The expansion of the city began after World War II when many war veterans settle in the area. Then, at the beginning of the 1960s, the growth of the electronic industry and currently with the explosion of the Silicon Valley —right between San Jose and San Francisco— converted this city into a big metropolis.
The significance of the Latino presence materialized in 1999 with the opening of the Mexican Heritage Plaza, considered a unique community and cultural arts facility located in the heart of the area where Mexican settled in the mid-19th century.
The site formerly housed a grocery store that was the target of one of the boycotts organized by the United Farm Workers (UFW), the union co-founded by Cesar Chavez.
The Plaza features a theater, pavilion, art gallery, classroom space, and an outdoor square and gardens built in the architectural style of a traditional Mexican plaza. The Plaza hosts plays and other performances, art exhibits, community events, corporate meetings, weddings and quinceañeras, etc.
The City of San Jose has control of the Mexican Heritage Plaza and recently appointed the School of Arts and Culture —a non profit cultural organization— to run it permanently.
While the city of Sacramento, the capital city of the Golden State, has less presence of Latinos on it’s history, you can feel their presence and influence.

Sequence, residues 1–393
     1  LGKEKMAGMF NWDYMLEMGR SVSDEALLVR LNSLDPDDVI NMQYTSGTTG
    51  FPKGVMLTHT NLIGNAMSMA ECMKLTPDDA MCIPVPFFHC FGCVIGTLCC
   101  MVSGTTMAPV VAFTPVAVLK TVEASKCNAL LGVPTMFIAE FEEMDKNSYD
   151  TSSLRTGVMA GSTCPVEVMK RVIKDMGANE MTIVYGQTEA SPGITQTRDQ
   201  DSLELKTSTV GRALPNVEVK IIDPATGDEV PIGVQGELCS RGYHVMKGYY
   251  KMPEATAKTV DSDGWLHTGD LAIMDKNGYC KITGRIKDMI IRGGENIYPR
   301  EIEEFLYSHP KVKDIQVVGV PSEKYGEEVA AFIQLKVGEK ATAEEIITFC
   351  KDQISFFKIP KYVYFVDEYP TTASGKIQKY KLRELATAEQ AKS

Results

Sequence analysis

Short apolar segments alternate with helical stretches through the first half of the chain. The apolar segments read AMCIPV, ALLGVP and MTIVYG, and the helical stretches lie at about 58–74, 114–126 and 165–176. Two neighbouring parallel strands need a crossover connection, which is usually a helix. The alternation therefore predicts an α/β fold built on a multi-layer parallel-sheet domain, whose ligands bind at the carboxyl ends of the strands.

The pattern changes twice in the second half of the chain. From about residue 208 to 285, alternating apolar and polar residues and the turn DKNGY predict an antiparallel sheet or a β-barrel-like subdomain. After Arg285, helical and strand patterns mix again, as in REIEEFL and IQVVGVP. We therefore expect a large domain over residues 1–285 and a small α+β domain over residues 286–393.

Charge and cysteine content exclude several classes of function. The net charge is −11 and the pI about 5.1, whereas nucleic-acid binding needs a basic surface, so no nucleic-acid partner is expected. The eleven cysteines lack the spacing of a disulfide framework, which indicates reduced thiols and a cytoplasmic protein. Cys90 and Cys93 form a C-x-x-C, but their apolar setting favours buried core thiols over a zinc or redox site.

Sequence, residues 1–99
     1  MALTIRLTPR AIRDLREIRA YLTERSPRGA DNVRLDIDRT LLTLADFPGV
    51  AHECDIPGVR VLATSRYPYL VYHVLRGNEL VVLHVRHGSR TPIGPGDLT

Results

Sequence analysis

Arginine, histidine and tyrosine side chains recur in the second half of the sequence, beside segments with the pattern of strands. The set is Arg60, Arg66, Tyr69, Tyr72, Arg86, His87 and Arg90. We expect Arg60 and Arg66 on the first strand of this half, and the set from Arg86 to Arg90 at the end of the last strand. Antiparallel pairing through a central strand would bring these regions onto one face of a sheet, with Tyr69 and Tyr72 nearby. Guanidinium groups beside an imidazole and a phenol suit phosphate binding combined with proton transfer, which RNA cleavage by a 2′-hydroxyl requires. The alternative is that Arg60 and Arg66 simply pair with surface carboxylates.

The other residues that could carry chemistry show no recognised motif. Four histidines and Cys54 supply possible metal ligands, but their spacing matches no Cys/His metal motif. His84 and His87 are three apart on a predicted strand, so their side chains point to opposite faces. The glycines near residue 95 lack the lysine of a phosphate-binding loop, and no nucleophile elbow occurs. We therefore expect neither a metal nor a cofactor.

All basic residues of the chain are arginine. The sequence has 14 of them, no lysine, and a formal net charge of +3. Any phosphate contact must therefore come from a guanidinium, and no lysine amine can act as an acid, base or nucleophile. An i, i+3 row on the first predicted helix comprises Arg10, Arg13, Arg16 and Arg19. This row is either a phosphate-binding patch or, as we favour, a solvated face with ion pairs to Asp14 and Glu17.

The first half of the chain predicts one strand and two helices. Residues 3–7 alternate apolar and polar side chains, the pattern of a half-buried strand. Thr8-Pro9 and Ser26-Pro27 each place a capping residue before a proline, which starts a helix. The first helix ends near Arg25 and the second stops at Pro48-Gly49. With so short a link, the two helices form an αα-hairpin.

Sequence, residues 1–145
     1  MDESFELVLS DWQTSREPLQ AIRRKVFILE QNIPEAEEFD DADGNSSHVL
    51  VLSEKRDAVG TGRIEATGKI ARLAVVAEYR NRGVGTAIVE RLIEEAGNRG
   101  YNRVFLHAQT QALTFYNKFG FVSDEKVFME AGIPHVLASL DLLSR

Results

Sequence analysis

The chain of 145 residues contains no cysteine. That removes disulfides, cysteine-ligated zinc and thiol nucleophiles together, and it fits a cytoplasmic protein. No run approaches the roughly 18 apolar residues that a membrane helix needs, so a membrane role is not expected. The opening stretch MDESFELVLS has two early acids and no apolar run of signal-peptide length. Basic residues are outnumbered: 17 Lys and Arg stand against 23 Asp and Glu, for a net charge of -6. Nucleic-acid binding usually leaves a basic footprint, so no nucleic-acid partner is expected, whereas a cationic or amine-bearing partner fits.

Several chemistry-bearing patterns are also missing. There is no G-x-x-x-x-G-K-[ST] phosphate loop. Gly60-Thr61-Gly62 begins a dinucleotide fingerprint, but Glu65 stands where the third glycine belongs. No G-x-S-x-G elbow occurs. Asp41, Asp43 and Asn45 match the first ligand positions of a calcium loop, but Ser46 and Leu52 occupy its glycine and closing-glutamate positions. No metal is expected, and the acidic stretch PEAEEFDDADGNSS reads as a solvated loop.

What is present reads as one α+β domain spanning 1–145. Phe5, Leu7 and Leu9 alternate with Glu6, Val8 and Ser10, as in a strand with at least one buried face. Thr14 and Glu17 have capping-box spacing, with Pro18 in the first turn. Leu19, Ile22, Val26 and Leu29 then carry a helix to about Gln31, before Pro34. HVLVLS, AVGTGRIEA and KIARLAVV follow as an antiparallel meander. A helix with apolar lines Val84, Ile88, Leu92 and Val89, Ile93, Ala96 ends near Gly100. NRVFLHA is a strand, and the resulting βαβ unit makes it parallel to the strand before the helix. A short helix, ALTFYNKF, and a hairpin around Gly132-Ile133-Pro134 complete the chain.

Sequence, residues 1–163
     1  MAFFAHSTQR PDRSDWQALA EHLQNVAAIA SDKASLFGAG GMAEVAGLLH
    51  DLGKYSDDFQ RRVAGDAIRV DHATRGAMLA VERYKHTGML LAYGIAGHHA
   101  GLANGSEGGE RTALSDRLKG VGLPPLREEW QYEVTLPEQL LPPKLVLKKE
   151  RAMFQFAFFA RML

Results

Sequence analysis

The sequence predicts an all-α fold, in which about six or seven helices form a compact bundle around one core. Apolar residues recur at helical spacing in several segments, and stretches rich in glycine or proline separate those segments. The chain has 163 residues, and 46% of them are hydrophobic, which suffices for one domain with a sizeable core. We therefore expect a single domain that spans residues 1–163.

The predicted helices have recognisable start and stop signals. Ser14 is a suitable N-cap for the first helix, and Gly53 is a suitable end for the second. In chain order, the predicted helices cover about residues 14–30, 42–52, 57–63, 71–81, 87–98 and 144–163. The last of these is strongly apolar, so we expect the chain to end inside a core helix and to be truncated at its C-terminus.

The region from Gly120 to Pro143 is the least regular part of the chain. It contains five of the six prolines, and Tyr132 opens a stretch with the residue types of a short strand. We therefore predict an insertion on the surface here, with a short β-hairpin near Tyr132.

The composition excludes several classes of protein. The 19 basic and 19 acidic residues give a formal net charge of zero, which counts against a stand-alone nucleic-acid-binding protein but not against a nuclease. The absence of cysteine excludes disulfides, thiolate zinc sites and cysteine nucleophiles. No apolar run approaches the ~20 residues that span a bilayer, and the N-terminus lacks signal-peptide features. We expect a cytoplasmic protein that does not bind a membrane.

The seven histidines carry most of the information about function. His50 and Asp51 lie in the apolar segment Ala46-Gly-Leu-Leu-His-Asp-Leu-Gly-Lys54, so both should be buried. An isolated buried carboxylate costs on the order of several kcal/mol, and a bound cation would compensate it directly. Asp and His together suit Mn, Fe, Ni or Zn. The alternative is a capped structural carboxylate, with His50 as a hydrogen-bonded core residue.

The city took its name from the Sacramento River, an important river which flows for more than 400 miles, finally reaching Suisin Bay, an arm of the San Francisco Bay. Spanish explorer Gabriel Moraga name it “Río de los Sacramentos.”
The city was built mainly by europeans and by 1849, during the so called “Gold Rush,” it became an important commercial point, distribution center and a crossroads for gold seekers and adventurers.
The Gold Rush brought thousands of immigrants from all over to California with the illusion to strike rich, including hundreds of Chileans and Peruvians. The gold fever gave California the nickname of Golden State.
For Spain and then Mexico, Monterey was the capital of California. But in 1853 —five years after California became part of USA— Sacramento became the capital, after San Jose, which hold that status for a short period of time.
The city is located in the Northern area of the state and the Central Valley’s. Currently is considered one of the most diverse cities of the state, with a very busy cultural and commercial life.
Chinese immigrants populated the city before 1882 —the year USA banned people from that country to enter— and currently China Town is one of the several touristic attractions of Sacramento.
The Central Valley, called the breadbasket of the country, is formally divided in two: The Sacramento Valley to the North and the San Joaquin Valley to the South. Being part of the agriculture world means to have a large Latino immigrant population. With 466,000 inhabitants, according to the 2010 US Census, third of them are of Latino origin. This information does not include the surrounding rural areas.
Sacramento’s downtown is clean and very attractive. More recently, the Old Town was revitalized becoming an instant touristic boom, with buildings resembling the Gold Rush era and with friendly atmosphere.